Central State Community Services is appointed by the Social Security Administration to act as an organizational rep payee. As the payee, Central State Community Services receives and manages social security payments for people who cannot manage or direct someone else to manage their money. The Social Security Administration has Social Security's Representative Payment Program provides financial management for the Social Security and SSI payments of our beneficiaries who are incapable of managing their Social Security or SSI payments. If you are concerned that someone you know becomes incapable of managing or directing the management of his or her benefits, please call us to discuss your concerns. Generally, we look for family or friends to serve as representative payees. When friends or family are not able to serve as payees, Social Security looks for qualified organizations to be representative payees - Central State Community Services has achieved the status of a qualified payee. What does Social Security Payee Services entail? Use Social Security Benefits to provide for the basic needs of the beneficiary including food, shelter, clothing, medical care and personal care items Report to the Social Security Administration any changes that could impact the beneficiary’s amount of, or right to receive benefits Provide a written account of how the funds were spent If you or a loved one needs Social Security Payee Services, contact Central State Community Services to find out how we can help.
Central State Community Services' Disability Services Residential Services The breadth of home-based services is related to, but not limited by, those services funded by Oklahoma DHS-DDS (Department of Human Services, Developmental Disability Services). Whether you are looking for supported living, a companion, in-home supports (IHSW), daily living supports (DLS), occasional staffing or transportation, any number of options can be developed for a variety of needs. Representative Payee Services Central State Community Services is appointed by the Social Security Administration to act as an organizational rep payee. As the payee, Central State Community Services receives and manages social security and/other payments for people who cannot manage or direct someone else to manage their money. Vocation Services Whether you call it job coaching or employment supports, a Central State Community Services vocation program identifies the individual preferences and strengths of a person and works to find the best community-based option. Central State Community Services employees with specialized employment training access a variety of resources to secure available employment opportunities ranging from volunteer positions to full and part-time paid employment. We are proud to announce that in conjunction with Tulsa Metropolitan Environmental Trust, Central State Community Services began operating its second recycling center! Check it out at the following web address: http://www.metrecycle.com/tulsa-downtown. This center is one of the few in the city that accepts electronic waste. To find out more about Central State Community Services' disability services, contact us today. Our caring and supportive staff are ready to help!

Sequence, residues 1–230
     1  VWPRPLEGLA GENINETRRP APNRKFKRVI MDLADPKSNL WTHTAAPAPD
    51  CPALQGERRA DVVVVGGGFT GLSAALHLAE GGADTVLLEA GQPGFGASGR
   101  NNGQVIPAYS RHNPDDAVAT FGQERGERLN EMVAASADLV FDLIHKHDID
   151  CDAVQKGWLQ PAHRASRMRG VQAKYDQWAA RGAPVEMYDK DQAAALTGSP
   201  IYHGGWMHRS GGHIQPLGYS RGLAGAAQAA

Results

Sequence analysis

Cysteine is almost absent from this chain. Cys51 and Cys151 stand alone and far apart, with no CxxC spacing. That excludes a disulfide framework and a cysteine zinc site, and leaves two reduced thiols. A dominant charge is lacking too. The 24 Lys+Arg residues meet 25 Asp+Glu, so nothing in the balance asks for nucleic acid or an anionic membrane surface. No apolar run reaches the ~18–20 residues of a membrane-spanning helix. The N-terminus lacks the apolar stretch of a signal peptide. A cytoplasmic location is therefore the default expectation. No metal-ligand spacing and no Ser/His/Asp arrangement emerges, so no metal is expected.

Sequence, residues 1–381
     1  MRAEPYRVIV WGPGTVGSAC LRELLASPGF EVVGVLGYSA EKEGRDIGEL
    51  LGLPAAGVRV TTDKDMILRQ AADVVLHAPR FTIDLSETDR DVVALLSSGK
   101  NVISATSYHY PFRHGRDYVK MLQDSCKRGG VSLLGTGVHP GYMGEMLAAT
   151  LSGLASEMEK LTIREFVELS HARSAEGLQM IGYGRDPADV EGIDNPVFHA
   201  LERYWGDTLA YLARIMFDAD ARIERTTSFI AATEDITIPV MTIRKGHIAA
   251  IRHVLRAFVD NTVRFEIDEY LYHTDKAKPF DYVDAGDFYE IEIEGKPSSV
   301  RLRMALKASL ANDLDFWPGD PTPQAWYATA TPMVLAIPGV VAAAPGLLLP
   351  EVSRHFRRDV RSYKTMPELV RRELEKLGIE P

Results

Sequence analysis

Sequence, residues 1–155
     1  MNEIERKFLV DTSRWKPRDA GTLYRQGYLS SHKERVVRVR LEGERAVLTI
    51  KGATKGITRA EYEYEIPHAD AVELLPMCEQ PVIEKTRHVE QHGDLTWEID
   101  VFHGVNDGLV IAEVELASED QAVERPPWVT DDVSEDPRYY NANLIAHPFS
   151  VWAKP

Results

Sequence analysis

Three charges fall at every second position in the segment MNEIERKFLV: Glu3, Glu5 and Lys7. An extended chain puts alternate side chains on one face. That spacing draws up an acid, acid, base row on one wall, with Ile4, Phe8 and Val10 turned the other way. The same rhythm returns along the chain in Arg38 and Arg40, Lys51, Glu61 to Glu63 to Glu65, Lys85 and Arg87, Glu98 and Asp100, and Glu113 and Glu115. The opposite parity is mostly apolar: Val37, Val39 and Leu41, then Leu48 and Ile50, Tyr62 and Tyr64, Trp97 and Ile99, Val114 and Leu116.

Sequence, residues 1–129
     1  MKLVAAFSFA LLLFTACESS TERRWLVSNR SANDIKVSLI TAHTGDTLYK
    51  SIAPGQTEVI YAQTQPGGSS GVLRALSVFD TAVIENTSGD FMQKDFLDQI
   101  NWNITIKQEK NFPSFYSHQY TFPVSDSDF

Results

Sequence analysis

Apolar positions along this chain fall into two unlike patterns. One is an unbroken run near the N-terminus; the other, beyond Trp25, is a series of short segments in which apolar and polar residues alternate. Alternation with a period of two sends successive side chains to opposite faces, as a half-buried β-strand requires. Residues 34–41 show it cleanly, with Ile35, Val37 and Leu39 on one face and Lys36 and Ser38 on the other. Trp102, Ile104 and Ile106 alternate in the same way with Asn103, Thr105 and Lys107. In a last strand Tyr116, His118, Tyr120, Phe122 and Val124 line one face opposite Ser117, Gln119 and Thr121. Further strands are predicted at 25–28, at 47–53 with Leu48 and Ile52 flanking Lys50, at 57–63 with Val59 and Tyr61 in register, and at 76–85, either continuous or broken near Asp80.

TULSA, Okla. (KTUL) — The Department of Human Services is begging the state legislature to give them more money to make it to the end of the fiscal year. If they don’t, thousands of people will be left on their own -- many of them children, the elderly or the disabled. Barbara Collier, a special project manager for Center State Community Service, said she doesn't think the care center would make it two months without any funding. “Many folks don’t have family members,” Collier said. “For many folks, there is no place to turn to. If our agency fails them, if the state fails them, they have no place to go.” DHS completely funds Center State and 100 other companies throughout Oklahoma. The legislature funded DHS for 10 months of the fiscal year, meaning from April to June there’s nothing except a directive to ask for more this legislative session. “The faces of all the people that we work with keep going through my head,” said Sally Allen, human resources manager for Center State. “And I keep thinking ‘What’s going to happen?’” DHS Director Ed Lake said he asked for more than $40 million to from the legislature to avert disaster. The department isn't sure which programs would feel the brunt of the budget crisis, but there's a major shortfall in adoption subsidies that also need to be addressed. “Keep your word,” Allen said. “Do what you said that you were going to do. I’m a fifth generation Oklahoman, and I’m proud of the state that I live in. And I want them to stand up and do the right thing that I know they know how to do.” The legislative session begins Feb. 6.